CKSD aims to lower student-teacher ratios

"Although Initiative 728 funds have not been doled out yet by a reluctant Legislature, Central Kitsap School District officials already have an idea of how to spend the money.Spurred by comments from district parents and taxpayers, district officials plan to spend most of the I-728 money next year on reducing class sizes. In 2002-2003, some I-728 funds will go toward staff development.I-728 provides new funds to target five educational areas - reducing class sizes in grades K-4; making selected class size reduction in grades 5-12; providing additional learning opportunities for educators; providing early assistance for pre-kindergarten children; and providing improvements or additions to school buildings facilities directly related to the initiative. The initiative was supported by 72 percent of Washington voters last fall.The CKSD plan is based on receiving $2.4 million in I-728 funds for the 2001-2002 school year, $2.7 million in 2002-2003 and $4.5 million in 2003-2004. The initiative requires that additional money be devoted to schools for five years, but CKSD Assistant Superintendent Steve Chappuis said planning that far ahead would be futile.For 2001-2002, money would go toward reducing average class sizes in grades five and six. Currently, the average teacher in those grades has 28 students; the district now plans to spend $800,000 to reduce that number to 24. I-728 funds next year also would be used to expand summer school in core subjects ($276,000); reduce for seventh-grade reading, and seventh- through tenth-grade English and math class sizes ($828,000); and reducing the number of multi-grade classes in elementary schools. The fifth and sixth grade class size reductions would require hiring 13-15 new teachers, and Chappuis said the district can't wait until August to start recruiting.In 2002-2003, the district will use I-728 funds to focus on teacher training in technology, math and science. In 2003-2004, the district hopes to add one all-day kindergarten class at each elementary school and devote more resources put toward class size reductions in grades K-2. Gary Powell, assistant superintendent for business and operations, said the state Senate's proposed budget means the district could get $900,000 less from Olympia next year. If the amount is $900,000 I have saved enough from this year and previous years to weather it, Powell said. If it's any more we'll have to look at cuts.However, there was good news, too. The district received $12.8 million in federal impact aid, up from just less than $10 million last year. "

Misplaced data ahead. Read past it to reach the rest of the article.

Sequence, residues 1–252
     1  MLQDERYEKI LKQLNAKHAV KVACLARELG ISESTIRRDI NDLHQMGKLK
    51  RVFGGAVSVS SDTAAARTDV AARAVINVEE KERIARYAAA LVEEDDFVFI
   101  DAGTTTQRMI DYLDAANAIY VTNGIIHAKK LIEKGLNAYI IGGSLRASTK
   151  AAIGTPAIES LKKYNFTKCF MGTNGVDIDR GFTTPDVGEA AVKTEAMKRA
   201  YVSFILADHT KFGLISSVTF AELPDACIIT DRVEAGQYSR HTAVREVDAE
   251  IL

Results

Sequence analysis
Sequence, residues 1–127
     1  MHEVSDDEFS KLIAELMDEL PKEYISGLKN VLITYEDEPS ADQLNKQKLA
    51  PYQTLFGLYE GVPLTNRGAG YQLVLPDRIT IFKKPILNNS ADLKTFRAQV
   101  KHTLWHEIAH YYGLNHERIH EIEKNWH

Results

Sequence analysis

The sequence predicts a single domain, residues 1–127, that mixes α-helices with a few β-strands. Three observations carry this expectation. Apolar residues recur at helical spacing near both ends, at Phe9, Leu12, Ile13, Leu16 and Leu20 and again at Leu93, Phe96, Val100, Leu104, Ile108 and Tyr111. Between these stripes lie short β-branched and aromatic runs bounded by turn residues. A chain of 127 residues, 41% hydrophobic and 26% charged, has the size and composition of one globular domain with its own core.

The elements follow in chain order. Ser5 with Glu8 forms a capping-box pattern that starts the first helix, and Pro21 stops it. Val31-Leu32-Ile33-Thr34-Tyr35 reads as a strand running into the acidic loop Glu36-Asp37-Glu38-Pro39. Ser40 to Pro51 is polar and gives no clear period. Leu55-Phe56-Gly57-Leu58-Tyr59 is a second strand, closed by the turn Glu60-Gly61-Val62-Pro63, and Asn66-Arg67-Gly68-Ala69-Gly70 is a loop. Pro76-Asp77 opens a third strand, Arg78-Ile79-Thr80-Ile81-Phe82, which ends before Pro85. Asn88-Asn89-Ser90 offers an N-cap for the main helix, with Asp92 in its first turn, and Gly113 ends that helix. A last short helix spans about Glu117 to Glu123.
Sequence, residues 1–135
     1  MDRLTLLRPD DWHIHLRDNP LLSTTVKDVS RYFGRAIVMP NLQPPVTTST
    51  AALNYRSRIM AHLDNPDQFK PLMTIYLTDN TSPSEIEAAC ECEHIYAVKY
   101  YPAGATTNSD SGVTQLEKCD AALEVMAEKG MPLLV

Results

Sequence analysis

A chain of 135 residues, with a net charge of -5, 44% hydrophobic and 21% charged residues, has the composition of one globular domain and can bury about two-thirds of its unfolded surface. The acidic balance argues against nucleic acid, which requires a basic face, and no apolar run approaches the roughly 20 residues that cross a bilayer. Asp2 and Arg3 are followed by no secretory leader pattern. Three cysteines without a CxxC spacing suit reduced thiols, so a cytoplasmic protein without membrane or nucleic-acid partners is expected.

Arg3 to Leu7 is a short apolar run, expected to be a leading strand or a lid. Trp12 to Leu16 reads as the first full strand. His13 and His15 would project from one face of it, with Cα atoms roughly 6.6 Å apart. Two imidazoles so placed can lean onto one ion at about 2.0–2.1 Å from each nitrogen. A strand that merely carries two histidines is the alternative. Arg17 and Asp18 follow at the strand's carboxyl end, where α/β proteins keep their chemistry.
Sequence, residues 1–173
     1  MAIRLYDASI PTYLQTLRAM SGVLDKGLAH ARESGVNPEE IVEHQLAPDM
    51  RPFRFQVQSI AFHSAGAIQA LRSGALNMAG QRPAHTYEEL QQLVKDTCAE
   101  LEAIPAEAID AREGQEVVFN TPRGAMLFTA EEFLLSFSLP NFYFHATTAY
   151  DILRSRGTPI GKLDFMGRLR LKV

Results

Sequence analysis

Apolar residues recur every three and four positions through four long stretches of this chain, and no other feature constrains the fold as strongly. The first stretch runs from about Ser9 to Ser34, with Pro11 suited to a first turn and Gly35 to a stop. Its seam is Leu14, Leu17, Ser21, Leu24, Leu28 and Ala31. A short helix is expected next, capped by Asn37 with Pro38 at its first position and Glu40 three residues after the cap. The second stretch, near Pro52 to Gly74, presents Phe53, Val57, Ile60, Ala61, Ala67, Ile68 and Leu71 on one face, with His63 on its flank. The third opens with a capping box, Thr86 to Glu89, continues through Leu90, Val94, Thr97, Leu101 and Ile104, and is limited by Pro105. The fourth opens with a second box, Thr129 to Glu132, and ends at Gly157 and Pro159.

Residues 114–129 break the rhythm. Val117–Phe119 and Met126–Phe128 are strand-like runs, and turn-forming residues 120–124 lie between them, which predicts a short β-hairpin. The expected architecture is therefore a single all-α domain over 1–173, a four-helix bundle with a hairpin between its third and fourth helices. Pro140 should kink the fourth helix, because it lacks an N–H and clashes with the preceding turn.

We encourage an open exchange of ideas on this story's topic, but we ask you to follow our guidelines for respecting community standards. Personal attacks, inappropriate language, and off-topic comments may be removed, and comment privileges revoked, per our Terms of Use. Please see our FAQ if you have questions or concerns about using Facebook to comment.
blog comments powered by Disqus

Read the Oct 28
Green Edition

Browse the print edition page by page, including stories and ads.

Browse the archives.

Friends to Follow

View All Updates